NATICK – Natick High School officials are reporting that the “N” word was found in a Natick High bathroom, along with an antisemitic slur found yesterday.
School administrators issued an email to families yesterday about the first incident and today sent a second email about the second discovery.
“A student discovered an anti-Semitic slur on a bathroom wall at Natick High School. The student reported the incident to a trusted adult. The building administration, in collaboration with the school resource officer, and with the full support of the superintendent and Natick Chief of Police, are investigating the matter fully. Natick Public Schools and the Natick Police Department do not stand for this type of behavior. This behavior is inappropriate, not aligned with our core values, and will not be tolerated. We will hold students or others involved fully accountable,” wrote the School District Superintendent Anna Nolin and Natick High Principal Brian Harrigan.
“An additional graffiti incident using the “n” word was discovered within 20 minutes in a different bathroom of the school,” according to Natick Public Schools Superintendent & Natick High Principal
“As part of NPS’s ongoing commitment to social justice, trainings for students and staff at all levels have been ongoing. This past week, as part of our district’s regularly scheduled two-year training plan with a diversity, equity and inclusion consultant (KW Diversity), addressing issues of racism, our administrative team (all Central Office, principals, and district directors at all levels) had their most recent training on addressing the restorative work that must be done in a building after incidents of racism, discrimination or violations of our expectations (like these incidents at NHS) which work against our core values of inclusion, belonging and standing up against discrimination. The training and discussions proved timely for addressing these incidents,” wrote Natick High Principal.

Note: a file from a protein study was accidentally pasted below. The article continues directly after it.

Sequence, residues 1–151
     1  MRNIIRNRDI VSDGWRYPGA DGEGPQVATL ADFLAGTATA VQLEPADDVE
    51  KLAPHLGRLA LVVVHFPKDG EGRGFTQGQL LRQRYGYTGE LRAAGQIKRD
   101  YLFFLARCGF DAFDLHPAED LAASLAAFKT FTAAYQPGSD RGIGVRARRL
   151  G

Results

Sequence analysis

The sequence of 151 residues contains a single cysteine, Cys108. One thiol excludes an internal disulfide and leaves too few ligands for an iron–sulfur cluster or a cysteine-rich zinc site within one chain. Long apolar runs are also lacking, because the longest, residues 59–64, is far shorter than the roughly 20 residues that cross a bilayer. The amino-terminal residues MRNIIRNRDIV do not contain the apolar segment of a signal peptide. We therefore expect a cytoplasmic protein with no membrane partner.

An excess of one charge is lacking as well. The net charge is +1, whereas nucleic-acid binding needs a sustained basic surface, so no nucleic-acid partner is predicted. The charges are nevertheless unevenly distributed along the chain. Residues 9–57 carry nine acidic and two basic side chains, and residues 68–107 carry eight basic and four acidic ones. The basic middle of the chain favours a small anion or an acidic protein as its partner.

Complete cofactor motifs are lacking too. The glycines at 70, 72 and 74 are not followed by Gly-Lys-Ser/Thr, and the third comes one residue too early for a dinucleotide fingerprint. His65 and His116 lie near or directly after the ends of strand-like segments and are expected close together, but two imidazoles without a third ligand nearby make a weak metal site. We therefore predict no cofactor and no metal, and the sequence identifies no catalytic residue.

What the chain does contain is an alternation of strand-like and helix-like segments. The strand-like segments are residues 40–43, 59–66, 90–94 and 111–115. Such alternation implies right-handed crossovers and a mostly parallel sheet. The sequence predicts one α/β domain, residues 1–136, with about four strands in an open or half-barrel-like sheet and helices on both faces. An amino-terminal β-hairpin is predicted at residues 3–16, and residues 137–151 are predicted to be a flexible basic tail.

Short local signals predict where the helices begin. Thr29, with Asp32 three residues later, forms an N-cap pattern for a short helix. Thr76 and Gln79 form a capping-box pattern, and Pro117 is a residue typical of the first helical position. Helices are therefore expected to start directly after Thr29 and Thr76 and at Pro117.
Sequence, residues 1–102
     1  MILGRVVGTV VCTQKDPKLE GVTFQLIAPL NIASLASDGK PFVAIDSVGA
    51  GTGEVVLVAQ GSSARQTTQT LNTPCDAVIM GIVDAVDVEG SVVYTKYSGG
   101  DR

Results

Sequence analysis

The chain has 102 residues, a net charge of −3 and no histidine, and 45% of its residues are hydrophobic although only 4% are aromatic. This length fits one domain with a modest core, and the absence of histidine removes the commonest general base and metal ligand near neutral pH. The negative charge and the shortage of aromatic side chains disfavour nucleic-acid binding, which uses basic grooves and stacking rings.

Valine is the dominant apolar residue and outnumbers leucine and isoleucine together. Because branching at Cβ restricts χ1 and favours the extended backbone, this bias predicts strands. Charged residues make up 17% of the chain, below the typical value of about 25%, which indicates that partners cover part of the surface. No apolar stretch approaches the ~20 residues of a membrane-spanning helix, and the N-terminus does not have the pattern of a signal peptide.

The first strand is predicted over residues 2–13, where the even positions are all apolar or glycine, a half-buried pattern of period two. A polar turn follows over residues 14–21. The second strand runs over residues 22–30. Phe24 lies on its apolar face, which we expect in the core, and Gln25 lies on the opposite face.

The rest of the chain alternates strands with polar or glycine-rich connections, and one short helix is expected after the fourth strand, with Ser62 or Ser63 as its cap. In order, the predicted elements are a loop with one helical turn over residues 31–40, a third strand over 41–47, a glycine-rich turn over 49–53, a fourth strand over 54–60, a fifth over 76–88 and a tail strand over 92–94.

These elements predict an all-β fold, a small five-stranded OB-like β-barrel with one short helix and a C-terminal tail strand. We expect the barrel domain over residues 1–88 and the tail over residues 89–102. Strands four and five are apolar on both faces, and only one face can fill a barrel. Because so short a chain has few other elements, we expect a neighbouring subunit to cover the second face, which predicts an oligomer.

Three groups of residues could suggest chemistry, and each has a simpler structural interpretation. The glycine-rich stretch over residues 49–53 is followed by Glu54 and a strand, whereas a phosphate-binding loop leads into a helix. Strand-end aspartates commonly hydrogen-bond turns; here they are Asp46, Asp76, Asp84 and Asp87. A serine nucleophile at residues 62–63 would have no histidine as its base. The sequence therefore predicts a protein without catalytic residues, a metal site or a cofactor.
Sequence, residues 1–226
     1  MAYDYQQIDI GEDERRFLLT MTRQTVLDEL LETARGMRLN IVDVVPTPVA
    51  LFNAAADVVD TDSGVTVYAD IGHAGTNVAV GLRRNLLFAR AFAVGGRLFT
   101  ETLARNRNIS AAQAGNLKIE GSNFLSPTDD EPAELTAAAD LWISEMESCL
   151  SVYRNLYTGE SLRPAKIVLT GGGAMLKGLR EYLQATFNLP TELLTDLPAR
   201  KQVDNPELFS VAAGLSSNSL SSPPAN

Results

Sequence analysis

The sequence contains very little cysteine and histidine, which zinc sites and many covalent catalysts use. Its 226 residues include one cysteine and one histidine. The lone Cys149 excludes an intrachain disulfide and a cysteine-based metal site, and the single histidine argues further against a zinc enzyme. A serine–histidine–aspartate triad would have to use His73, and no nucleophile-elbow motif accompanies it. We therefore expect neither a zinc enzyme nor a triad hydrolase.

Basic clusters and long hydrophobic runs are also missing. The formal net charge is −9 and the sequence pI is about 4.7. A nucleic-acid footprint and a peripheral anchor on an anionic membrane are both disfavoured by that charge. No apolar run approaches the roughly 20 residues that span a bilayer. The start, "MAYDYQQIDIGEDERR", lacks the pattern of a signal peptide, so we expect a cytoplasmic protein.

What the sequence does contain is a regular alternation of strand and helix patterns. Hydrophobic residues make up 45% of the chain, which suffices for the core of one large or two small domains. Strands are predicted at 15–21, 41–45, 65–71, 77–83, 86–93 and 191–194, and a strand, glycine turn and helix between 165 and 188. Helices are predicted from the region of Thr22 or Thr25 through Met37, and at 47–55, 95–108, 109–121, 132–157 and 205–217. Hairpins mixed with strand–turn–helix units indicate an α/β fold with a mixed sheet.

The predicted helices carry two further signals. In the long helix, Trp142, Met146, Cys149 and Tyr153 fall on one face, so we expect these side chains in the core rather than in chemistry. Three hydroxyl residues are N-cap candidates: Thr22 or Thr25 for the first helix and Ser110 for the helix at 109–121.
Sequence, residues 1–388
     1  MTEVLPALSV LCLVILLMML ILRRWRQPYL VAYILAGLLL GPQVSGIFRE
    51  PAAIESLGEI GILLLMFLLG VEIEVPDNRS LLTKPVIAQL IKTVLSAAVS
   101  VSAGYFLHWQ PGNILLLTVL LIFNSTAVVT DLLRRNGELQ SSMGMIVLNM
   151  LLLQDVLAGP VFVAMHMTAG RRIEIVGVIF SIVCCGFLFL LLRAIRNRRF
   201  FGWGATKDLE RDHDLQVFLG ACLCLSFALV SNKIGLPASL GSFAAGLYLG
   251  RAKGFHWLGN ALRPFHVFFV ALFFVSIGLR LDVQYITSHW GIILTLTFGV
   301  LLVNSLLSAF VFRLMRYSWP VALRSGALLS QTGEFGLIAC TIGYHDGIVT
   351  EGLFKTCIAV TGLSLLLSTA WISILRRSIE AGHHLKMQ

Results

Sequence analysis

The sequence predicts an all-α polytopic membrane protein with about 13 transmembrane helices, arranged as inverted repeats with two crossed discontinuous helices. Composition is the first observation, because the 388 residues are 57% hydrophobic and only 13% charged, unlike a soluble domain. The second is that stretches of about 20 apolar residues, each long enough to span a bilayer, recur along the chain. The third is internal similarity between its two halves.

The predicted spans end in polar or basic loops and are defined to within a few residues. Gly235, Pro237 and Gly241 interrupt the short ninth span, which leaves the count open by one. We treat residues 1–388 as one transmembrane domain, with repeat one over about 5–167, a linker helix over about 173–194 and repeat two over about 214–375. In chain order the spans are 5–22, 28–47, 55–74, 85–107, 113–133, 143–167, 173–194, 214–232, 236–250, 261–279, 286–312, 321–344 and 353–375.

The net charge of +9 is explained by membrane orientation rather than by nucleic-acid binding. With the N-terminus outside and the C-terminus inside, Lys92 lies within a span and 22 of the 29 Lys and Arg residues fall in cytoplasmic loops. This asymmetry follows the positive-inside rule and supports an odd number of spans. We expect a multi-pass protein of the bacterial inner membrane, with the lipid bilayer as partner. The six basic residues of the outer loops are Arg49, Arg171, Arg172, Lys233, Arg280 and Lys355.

“Also this week, principals then followed up in most buildings with ongoing staff training in the same topics, encouraging the same skills. This work is part of our longer range district strategic plan around addressing systemic barriers to equitable education, but also assists us in these times of crisis,” wrote the Superintendent.
“Follow up staff trainings are scheduled to discuss equity and inclusion and discussions with classes at NHS regarding these incidents and will occur as needed. In addition we will address issues of respect, inclusion and anti-racism at next week’s NHS Equity Co-Op Student Conference (the second conducted at NHS),” wrote Supt. Nolin and Principal Harrigan.
“This full day conference, co-led by students and staff, directly addresses conversations around equity issues and challenges of all types so we can help our students co-craft a school and community culture that fights racism and discrimination of all types and allows all students to be their true selves at our school. We strive to have enough direct instruction and regular conversations to prepare students to be actively anti-racist, to interrupt discrimination of all types, and to cultivate the civic dispositions we know they need to lead a kind, activist future world,” wrote the two school district leaders.
“It is more important than ever to come together as one community to support one another. We are a strong and loving community who will rise above all instances of hatred and intolerance,” wrote Nolin & Harrigan.